Child Custody

At Feinberg & Waller, APC, we understand how important your children are to you. Our attorneys are sensitive to protecting your children's rights throughout the divorce process. We know what family law judges expect, and we have experience working with the independent professionals that are often brought into custody negotiations. We are sensitive, discreet and non-judgmental when it comes to the numerous issues relating to children and divorce.

We Are Often The Child Custody Law Firm That Other Attorneys Turn To

Attorney Marshall Waller is a California board-certified family law specialist who has been helping clients resolve their complex child custody issues for more than 35 years. At Feinberg & Waller, family law is our only area of legal practice. Since our firm began serving the needs of Los Angeles area communities many years ago, we have become recognized as a law firm other lawyers look to when they need help in their own personal family law matters. Legal professionals, doctors and business executives turn to us when their children's interests are at stake in divorce.

You have questions... Marshall Waller speaks candidly about child custody.
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Contact us to discuss your specific child custody concern. When it's about your children, only experience matters.

We represent clients in California divorce and family law matters relating to:

They're Your Children. Confidentiality is important.

We understand how important being discreet is in legal matters such as child custody and parenting rights. We have office procedures and polices in place to help protect your family's confidentiality. Where children are involved, Feinberg & Waller also pledges to view your children with the utmost importance, regardless of which parent brings the case to court. We practice with your children's best interests in mind at all times. Your divorce is more than simply a matter of dividing property and financial assets — your decisions will have a tremendous impact on your life, as well as those around you.

Custody And Visitation

When parents divorce, the divorce decree will specify with whom the children will live, and how often and under what circumstances the other parent will visit with the children. Often, parents work out these arrangements between themselves, either voluntarily or with the assistance of their attorneys or a mediator. When they are unable to reach a decision, or when unmarried parents are unable to agree on who will have custody of their child, the court may intervene and make a decision based on the "best interests of the child."

In many situations, physical custody is awarded to one parent (sole custody). However, often the custodial parent shares "legal custody" of the child with the non-custodial parent. "Legal custody" includes the right to make decisions about the child's education, religion, health care and other important concerns. When one parent is awarded sole physical custody, the other parent is granted visitation, either according to a clear schedule of dates and times, or on a "reasonable" basis. If allegations of abuse have been raised against the non-custodial parent, any visitation granted may be subject to supervision by a neutral third party. Grandparents and stepparents may also be entitled to visitation privileges.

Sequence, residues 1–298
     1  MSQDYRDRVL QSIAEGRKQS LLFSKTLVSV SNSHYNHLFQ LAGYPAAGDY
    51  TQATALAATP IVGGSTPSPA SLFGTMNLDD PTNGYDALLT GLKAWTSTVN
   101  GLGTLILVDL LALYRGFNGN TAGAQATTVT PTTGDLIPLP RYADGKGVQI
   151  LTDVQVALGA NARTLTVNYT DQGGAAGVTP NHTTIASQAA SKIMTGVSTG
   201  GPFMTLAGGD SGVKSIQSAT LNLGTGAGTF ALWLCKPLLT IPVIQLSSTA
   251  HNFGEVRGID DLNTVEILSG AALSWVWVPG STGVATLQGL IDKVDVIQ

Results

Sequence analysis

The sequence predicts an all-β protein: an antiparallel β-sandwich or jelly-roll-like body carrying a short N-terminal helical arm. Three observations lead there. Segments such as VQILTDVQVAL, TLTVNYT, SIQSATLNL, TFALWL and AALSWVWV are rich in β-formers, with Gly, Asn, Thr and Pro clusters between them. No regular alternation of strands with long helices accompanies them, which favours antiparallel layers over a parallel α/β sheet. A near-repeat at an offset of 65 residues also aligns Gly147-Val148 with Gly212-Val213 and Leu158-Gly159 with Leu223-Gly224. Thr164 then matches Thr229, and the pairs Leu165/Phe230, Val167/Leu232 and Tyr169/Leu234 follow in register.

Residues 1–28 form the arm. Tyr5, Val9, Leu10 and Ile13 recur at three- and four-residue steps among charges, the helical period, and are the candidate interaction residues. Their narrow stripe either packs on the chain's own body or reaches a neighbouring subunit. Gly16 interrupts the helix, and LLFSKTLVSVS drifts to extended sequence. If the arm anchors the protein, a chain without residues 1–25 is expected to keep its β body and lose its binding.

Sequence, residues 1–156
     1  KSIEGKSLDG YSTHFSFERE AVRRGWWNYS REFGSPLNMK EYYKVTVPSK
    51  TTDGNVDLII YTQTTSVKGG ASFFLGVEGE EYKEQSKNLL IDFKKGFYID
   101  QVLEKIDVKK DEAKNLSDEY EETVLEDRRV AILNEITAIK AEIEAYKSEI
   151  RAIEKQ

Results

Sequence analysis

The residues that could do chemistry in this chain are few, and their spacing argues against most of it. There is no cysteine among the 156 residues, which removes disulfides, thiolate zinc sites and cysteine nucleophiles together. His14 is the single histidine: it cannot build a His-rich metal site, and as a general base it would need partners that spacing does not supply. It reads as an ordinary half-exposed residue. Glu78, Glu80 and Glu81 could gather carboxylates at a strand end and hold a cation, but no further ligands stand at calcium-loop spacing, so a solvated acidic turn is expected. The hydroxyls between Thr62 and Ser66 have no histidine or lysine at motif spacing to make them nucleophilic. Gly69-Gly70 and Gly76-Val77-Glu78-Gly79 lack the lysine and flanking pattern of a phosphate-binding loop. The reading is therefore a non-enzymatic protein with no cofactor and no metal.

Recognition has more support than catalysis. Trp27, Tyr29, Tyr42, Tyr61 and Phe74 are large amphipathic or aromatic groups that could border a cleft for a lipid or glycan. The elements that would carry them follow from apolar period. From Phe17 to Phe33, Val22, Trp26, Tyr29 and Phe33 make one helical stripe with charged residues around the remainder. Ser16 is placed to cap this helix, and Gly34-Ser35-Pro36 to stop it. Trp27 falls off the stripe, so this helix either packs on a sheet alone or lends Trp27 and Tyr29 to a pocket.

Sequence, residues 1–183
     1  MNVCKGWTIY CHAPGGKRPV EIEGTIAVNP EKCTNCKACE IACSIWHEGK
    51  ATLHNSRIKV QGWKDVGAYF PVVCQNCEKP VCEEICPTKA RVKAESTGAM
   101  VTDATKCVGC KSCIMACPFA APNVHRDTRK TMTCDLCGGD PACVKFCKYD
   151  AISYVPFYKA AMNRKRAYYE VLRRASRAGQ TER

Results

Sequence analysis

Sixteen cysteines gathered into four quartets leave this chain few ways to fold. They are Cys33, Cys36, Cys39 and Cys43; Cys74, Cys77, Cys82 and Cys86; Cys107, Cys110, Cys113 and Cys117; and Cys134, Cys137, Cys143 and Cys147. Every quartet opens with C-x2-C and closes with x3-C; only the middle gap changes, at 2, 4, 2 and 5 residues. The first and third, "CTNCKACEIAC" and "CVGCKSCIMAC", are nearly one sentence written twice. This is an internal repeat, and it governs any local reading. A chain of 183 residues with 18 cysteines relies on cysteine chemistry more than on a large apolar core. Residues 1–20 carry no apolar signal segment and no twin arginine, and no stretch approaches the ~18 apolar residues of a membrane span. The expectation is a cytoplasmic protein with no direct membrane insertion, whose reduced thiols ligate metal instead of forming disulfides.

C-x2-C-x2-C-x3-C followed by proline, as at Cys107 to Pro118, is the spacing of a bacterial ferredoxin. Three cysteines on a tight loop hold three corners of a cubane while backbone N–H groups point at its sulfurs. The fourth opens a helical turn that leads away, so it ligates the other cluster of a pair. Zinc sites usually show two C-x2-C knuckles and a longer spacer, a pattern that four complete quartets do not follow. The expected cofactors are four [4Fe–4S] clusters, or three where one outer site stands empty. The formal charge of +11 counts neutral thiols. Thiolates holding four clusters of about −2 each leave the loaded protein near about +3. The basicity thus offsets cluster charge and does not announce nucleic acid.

Joint Custody And Split Custody

Some parents have chosen a joint-custody arrangement in which the child spends an equal amount of time with both parents. Since joint custody requires a high degree of cooperation between the parents, courts are reluctant to order joint custody unless both parents are in agreement and can demonstrate the ability to make joint decisions and cooperate for the child's sake. Another option is split custody, in which one parent has custody of one or more of the parties' children and the other parent has custody of the other(s). Courts usually prefer not to separate siblings, however, when issuing custody orders.

When the child's parents are unmarried, most state laws require that the mother be awarded sole physical custody unless the father takes action to be awarded custody. An unwed father may have difficulty gaining custody over a mother who is a good parent, but he will usually take priority over other relatives, foster parents or prospective adoptive parents.

In deciding who will have custody, the courts consider various factors. The overriding consideration is always the "best interests of the child." Often, the main factor is which parent has been the child's primary caretaker. If the children are old enough, the courts will take their preference into account in making a custody decision. Once entered, a custody award can be changed by the court if the parent's or children's circumstances have changed.

Some commentators have criticized the courts as being gender-biased, since many custody awards are in the mother's favor. Others respond to this criticism, however, with the fact that historically mothers have been, and in many cases continue to be, the children's primary caregiver, so the higher number of awards to mothers is appropriate. As more fathers become more actively involved in their children's care, there likely will be more custody awards to fathers. Because custody and visitation decisions involve such important considerations and impact so many lives, the assistance of an experienced lawyer is an essential element of the decision-making process.

Contact us to schedule a consultation.

**The initial consultation to clients who retain Feinberg & Waller, APC. A significantly reduced flat fee is charged for the initial consultation. That fee is credited back to the client upon retention, thus resulting in no charge for the meeting. In the event the initial consultation fails to result in the retention of Feinberg & Waller, APC, the potential client nonetheless receives the consultation services at the significantly reduced fee.